Especially those people who strive for and could achieve extraordinary goals do not believe in themselves and consider themselves mediocre. Some studies say that 40% of all particularly successful people struggle with it!

If you feel this way or if you know someone who suffers from it, then we strongly recommend the support of a professional coach. Because there is a way out of this vicious circle.

Fear of the impact on the environment

A third reason why one can be afraid of reaching one’s goals is the fear of the effects on their own environment.

A common example is smoking. If you have a circle of friends in which 90% smoke, sooner or later you might stop your “no smoking” attempt because you are afraid that you will no longer belong.

Anyone who grows up as a student in a small village where not a single child goes to high school will not hang in to make it to high school – because they are afraid of being expelled afterwards. And even if the child had this goal, the parents might reject such a goal, because “nobody goes to high school here. Do you think you are something better? ”- and already we have anchored a limiting belief in a child, which in the worst case prevents this person from living his real potential for the next 70 years!

Whether we have a large circle of friends or just a very small one – almost everyone of us wants to belong to this circle.

The goals that we set ourselves are usually exactly within the comfort zone that our circle of friends also has.

“You are the average of the five people with whom you have to do most often” is a statement that is very true.

Isn’t it the case that someone …

• … who is very sporty also has sporty friends?

• … who smokes also has more friends who smoke?

• … who is self-employed also has more independent friends?

• … who likes to travel also has friends who like to travel?

If someone is overweight, has an unsportsmanlike circle of friends and now has the fixed goal of doing a lot more sport, then the circle of friends will initially find that very good.

But only until the person actually manages to be much more athletic. Then the person starts to do different things than before, maybe doesn’t go out to eat so late in the evening, etc.

And thus withdraws from this circle of friends.

But the friends don’t think that’s good. You don’t want to lose that person.

So they will first try to dissuade them from their goal. If this does not succeed, the friendship is weaker or actively terminated.

At precisely that moment it can happen that we let go of our goal for fear of losing our friends.

There are also countless such situations in the professional environment. Whether someone starts an evening course on the side in order to advance professionally or is accepted into a “talent program” in the company – the colleagues around you will react. Unfortunately too often negative.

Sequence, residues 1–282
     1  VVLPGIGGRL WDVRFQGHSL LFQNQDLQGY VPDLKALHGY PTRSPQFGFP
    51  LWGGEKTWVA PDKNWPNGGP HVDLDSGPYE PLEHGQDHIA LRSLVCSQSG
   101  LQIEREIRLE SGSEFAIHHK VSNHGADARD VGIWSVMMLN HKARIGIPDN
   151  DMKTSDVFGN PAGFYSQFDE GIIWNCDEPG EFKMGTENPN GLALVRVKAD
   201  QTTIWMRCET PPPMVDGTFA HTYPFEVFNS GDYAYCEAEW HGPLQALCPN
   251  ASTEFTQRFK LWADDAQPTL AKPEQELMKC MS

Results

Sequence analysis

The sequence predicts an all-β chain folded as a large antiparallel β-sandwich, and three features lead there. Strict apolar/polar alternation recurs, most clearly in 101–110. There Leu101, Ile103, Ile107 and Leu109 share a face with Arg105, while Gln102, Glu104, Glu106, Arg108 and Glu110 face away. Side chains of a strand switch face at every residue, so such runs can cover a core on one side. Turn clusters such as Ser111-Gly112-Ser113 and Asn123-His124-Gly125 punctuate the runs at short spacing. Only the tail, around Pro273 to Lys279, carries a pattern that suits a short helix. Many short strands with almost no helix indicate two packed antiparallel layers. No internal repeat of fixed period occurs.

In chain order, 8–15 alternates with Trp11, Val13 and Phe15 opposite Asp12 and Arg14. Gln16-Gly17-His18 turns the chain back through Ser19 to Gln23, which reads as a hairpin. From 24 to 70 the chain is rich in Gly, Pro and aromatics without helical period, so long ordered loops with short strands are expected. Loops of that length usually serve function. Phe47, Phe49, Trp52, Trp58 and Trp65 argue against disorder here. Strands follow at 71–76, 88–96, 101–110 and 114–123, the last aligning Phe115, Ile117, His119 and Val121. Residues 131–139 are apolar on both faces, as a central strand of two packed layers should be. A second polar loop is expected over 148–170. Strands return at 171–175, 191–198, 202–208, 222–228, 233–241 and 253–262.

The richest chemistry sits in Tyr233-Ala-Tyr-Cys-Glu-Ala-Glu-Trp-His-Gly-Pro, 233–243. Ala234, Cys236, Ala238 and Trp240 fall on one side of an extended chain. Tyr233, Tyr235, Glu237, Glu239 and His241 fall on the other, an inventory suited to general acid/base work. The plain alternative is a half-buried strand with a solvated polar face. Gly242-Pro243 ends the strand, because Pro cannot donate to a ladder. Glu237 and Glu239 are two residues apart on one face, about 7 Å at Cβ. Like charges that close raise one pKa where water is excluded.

There is a second, even more important reason why our environment often does not want us to achieve our goals:

It would prove that they too could change and achieve something if they only wanted to. Then you can no longer complain or scold others.

Don’t be afraid of success

With this article I want to encourage you.

Encourage you to really define your goals and work on them!

If you are afraid of possible success in between, if you start torpedoing yourself in between, then put in a stop and ask yourself exactly what is on your mind right now.

Write down what is preventing you from taking the next steps and what fear of reaching your goal is blocking you.

If the risks are real, then act and minimize the risk.

But if it’s just beliefs, keep working on your goal and think of Nelson Mandela:

Achieve goals with the right support system / environment

If you really want to achieve your goals, whether professionally or privately, then you can increase your probability of success many times over.

Create or find an environment that supports your goals.

People who have similar goals.

People who have already achieved what you want to achieve.

Positive, optimistic, future-oriented people.

Often a single person who really believes in us is enough to support us at precisely those moments when we want to give up on the way to our goal.

Often a “You can do it” is enough and we can move on.

I run ultra marathon races and no matter how often I’ve heard “it’s going downhill from now on” or “soon you’ll be at the finish” – every time it creates a positive atmosphere for a few seconds. Exactly when it is really difficult and the inner voice tells you “stop the nonsense” that can be enough to get me to concentrate on the goal again and to move on.

Motivational videos or podcasts can also be very helpful.

So at the end of one of my favorite videos, which I use at the end of leadership seminars to encourage participants in my seminars not to choose their goals too small. It’s in English, but even if you don’t speak a word of English, you can understand it. (Das wäre hier überflüssig).

I hope it motivates you as much as it does me – although I’ve seen it over 100 times.